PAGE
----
FROM THE JOURNAL OF CLINICAL ONCOLOGY
Pancreatic cancer patients who received neoadjuvant therapy (NAT) followed by resection had better outcomes than did those who underwent upfront resection, investigators report.
Among patients with clinical stage I or II resected pancreatic head adenocarcinoma, the median survival was higher among those who had received NAT, compared with those who had upfront resection (26 months vs. 21 months; P less than .01).
The survival benefit remained consistent for both clinical stage I (29 months vs. 23 months; P less than .01) and clinical stage II (24 months vs. 20 months; P less than .01).
“This study lends further support for the use of NAT as a favorable patient selection strategy in the management of resectable, early-stage pancreatic adenocarcinoma,” wrote Ali A. Mokdad, MD, of the University of Texas Southwestern Medical Center, Dallas, and his colleagues (J Clin Oncol. 2016 Sep 19. doi: 10.1200/JCO.2016.68.5081 ).
The researchers compared overall survival between patients who received NAT with subsequent resection with those who received upfront resection, and they also looked at the patient subset of those who received adjuvant therapy.
The cohort included 15,237 patients with clinical stage I or II resected pancreatic head adenocarcinoma who were identified from the National Cancer Database (2006-2012). The patients who received NAT followed by curative-intent resection were matched with patients whose tumors were resected upfront, and the researchers evaluated early postoperative and oncologic outcomes.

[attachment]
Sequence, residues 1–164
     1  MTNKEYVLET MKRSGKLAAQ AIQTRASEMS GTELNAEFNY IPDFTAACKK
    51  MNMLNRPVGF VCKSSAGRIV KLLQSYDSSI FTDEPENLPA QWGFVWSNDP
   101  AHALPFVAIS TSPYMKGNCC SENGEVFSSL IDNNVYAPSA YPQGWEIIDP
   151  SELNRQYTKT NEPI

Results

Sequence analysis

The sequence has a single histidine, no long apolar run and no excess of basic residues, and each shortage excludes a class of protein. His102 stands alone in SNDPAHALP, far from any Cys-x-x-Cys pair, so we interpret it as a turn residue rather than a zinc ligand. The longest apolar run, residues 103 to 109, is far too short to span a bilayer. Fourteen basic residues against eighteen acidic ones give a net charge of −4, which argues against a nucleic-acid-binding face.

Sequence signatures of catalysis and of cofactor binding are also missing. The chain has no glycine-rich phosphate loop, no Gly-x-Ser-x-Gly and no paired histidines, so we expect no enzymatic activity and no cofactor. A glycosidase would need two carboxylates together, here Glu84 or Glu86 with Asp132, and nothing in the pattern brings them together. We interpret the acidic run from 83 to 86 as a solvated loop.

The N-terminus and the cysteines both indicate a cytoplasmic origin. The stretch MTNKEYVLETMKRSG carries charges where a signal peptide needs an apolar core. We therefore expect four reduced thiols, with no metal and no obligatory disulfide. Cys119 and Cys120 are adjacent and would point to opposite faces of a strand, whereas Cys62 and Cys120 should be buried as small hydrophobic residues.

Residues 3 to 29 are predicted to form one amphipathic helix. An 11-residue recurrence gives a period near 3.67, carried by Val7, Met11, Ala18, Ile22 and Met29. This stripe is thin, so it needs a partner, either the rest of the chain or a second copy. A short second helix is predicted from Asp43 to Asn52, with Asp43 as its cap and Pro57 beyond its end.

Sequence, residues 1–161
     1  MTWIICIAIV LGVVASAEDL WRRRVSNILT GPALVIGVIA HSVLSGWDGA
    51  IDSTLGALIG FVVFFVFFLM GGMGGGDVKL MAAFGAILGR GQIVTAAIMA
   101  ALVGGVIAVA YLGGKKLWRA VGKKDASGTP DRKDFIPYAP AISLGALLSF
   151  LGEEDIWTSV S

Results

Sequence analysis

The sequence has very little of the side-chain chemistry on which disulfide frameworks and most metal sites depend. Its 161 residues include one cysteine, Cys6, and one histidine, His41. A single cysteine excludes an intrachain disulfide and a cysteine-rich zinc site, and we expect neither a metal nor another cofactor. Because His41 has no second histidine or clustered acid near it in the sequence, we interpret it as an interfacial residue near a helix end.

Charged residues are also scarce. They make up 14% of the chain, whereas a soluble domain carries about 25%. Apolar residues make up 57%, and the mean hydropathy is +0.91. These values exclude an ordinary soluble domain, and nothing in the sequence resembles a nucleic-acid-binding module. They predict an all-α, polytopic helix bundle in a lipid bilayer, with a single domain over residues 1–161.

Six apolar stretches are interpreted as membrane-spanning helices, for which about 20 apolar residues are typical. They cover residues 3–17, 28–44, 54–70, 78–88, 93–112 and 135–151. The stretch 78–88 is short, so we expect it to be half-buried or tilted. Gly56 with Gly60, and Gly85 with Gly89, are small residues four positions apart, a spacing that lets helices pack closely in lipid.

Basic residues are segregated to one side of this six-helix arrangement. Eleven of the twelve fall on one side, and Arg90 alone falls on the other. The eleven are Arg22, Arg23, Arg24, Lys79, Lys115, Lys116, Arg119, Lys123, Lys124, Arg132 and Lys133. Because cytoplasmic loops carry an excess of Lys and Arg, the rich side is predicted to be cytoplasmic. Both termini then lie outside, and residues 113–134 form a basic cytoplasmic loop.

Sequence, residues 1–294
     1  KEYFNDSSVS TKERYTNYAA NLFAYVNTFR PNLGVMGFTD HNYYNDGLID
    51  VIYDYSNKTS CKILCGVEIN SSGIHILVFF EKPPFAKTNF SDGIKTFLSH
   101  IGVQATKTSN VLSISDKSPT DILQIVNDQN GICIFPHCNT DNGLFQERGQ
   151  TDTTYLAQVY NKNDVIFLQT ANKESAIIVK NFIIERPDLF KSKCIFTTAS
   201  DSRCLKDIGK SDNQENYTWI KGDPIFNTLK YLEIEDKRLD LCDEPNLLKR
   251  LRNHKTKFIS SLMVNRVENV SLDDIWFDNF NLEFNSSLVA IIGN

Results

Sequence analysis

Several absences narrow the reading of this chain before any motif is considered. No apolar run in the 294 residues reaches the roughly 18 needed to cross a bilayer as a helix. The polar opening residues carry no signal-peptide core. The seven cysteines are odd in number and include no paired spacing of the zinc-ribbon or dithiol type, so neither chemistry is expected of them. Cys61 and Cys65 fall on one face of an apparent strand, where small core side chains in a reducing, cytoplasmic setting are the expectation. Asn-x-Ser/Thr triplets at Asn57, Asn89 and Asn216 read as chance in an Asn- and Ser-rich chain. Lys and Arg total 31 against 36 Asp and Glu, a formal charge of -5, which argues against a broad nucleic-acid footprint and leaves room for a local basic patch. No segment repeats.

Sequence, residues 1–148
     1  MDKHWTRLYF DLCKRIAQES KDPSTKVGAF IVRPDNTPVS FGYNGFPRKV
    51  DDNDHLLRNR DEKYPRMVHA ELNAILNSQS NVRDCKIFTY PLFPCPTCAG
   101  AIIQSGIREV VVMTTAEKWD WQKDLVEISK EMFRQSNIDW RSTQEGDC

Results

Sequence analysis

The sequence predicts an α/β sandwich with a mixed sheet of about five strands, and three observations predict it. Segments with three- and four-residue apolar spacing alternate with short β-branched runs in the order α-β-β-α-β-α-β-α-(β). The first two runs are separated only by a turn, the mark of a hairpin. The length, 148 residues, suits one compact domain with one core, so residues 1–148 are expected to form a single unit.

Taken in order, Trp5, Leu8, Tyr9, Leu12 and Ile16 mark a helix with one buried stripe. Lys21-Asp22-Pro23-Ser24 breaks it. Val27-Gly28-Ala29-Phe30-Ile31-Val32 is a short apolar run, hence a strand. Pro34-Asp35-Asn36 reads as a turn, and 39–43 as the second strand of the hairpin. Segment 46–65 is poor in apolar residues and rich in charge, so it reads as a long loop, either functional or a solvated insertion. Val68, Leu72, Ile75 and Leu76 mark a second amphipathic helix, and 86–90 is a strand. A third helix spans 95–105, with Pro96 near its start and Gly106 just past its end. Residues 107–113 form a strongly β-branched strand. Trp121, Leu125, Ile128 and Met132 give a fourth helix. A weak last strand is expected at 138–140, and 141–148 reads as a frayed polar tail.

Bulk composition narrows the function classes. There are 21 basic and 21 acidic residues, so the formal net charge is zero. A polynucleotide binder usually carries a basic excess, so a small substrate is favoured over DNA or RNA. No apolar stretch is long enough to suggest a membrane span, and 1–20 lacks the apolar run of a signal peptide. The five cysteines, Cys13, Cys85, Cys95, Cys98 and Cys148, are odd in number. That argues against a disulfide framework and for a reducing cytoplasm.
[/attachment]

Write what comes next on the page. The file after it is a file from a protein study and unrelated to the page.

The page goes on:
Overall survival at 1, 3, and 5 years was 83%, 35%, and 21% in the NAT arm, compared to 71%, 29%, and 18% among patients who underwent upfront surgery, respectively. In the NAT arm, overall mortality was reduced, with an estimated hazard ratio (HR) of 0.72 (95% CI, 0.68-0.76).
In comparison with the subset of patients who received adjuvant therapy, median survival was statistically significantly longer in the NAT group (26 months vs. 23 months; stratified log-rank P less than .01). Overall survival for the adjuvant therapy group at 1, 3, and 5 years was 78%, 31%, and 18%, respectively.
Upon multivariable analysis, the overall survival difference continued to favor the NAT group vs. the adjuvant therapy arm (adjusted HR, 0.83; 95% CI, 0.78-0.89).
Early postoperative morbidity and mortality did not differ between groups. Compared with patients who received NAT, the upfront surgery group had a higher pathologic T stage (pT3 and T4: 86% vs. 73%; P less than .01) and were more likely to have positive lymph nodes (73% vs. 48%; P less than .01) and positive resection margin (24% vs. 17%; P less than .01).
The data “will hopefully provide support and encouragement for participation in the currently open clinical trials evaluating the role of NAT for clinically staged patients with resectable pancreatic cancer,” the authors concluded.
No outside funding source was disclosed. Coauthor Sam C. Wang, MD, declared a relationship with patent/intellectual panel for a prognostic gene panel for gastric cancer. All other authors declared no disclosures.